I don't condone anyone's behavior in this event, regardless of whether the rape occurred or not. Everyone involved in this event should be re-thinking their behavior.
Curm: I like your writing and I agree with almost all of your comments.
Too many 'men' in the USA are morally deficient (my opinion). But too many women are empowering these men by 'laying down' for them (my opinion). You want 'upstanding' men? Well, you can help by informing your 'sisters' to stop treating these 'morally deficient' men as 'sex machines' and value the men that are truly attempting to be 'gentlemen'.
My spelling? I got a little too excited when replying the first time and my mind didn't wait for my fingers to catch up.

Kieli said...

I think you do understand that you exhibited bias in your statements when stating that the Duke women's lacrosse team should have kept quiet. You made statements based on news accounts and acted like the statements were the truth.
You were wrong and you know it. That's why you didn't comment. You're just not going to admit it. That's fine.
Whomever 'hired the strippers', and that appears to be true or else this would not be in the news, was definitely not behaving morally (my opinion). Whatever young men stayed at the location after the strippers arrived, were morally wrong (my opinion). If they hurled racial epithats, that's ignorance (my opinion). If sexual 'activity' occurred between the 'ladies' and the young men, that's either prostitution, sodomy, rape, or consensual sex (by law). And ALL of that and more will be part of the court proceedings - not just the alleged 'rape'. That is why I took exception to your "so when ..." statement.
I don't condone anyone's behavior in this event, regardless of whether the rape occurred or not. Everyone involved in this event should be re-thinking their behavior.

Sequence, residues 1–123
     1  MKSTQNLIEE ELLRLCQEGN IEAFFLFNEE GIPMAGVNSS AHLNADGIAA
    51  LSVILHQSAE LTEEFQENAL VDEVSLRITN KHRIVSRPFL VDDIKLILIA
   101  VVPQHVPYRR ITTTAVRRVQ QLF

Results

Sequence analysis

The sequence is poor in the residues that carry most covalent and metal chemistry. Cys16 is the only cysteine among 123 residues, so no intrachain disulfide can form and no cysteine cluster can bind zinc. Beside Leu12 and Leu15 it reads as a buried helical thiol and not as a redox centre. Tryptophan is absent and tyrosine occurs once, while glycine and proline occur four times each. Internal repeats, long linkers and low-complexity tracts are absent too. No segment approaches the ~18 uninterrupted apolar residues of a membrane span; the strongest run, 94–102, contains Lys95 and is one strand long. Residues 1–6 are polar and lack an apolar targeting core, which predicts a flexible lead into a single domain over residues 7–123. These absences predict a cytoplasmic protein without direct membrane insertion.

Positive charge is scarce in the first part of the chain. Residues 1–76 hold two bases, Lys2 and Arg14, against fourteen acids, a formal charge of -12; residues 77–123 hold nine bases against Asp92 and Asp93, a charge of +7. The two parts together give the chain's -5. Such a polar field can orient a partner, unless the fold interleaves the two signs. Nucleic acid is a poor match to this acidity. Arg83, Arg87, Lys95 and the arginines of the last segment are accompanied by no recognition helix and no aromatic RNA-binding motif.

Curm: I like your writing and I agree with almost all of your comments.


Pardon me, but I'm confused as to whom you are addressing. You say Curm in this last part but I'm not sure that you're really addressing her because you disagree with almost everything she's said thus far. Was this a typographical error?

Kieli said...

Too many 'men' in the USA are morally deficient (my opinion). But too many women are empowering these men by 'laying down' for them (my opinion). You want 'upstanding' men? Well, you can help by informing your 'sisters' to stop treating these 'morally deficient' men as 'sex machines' and value the men that are truly attempting to be 'gentlemen'.

This part I agree with to some extent. There needs to be some accountability on both sides. Women treat men as "meat" and vice versa (well unless you're queer like me *chuckle*). It seems to be less common for people to have simple respect and decency for each other and for themselves. One wonders why this is and how it can change (and I don't posit religion as a solution...that institution is more deeply flawed and has its own biases, strict gender roles and sexual (or rather non-sexual) mores that are not grounded in the real world IMHO).

Curmudgette said...

Alright Blinded by Insight, your last comment is almost cogent so I'll address it. First off, I need to tell that I take deep exception to assertions about what I think or know. It's rude. You have no idea what goes on between my two ears but for what I state. Nor do you know what I've read or how I've formed my opinions unless I state it. In my post I laid claim to reading two articles, one in Newsweek and one in Salon. All else is speculation on your part.

As to the rest of it: We do know who hired the strippers, the co-captains of the team, because they have acknowledged doing so. There is also a longstanding pattern of drunken, disorderly behavior on the part of the Lacrosse team. I'll pick an article at random, but there are many to choose from. Racial slurs were overheard by neighbors.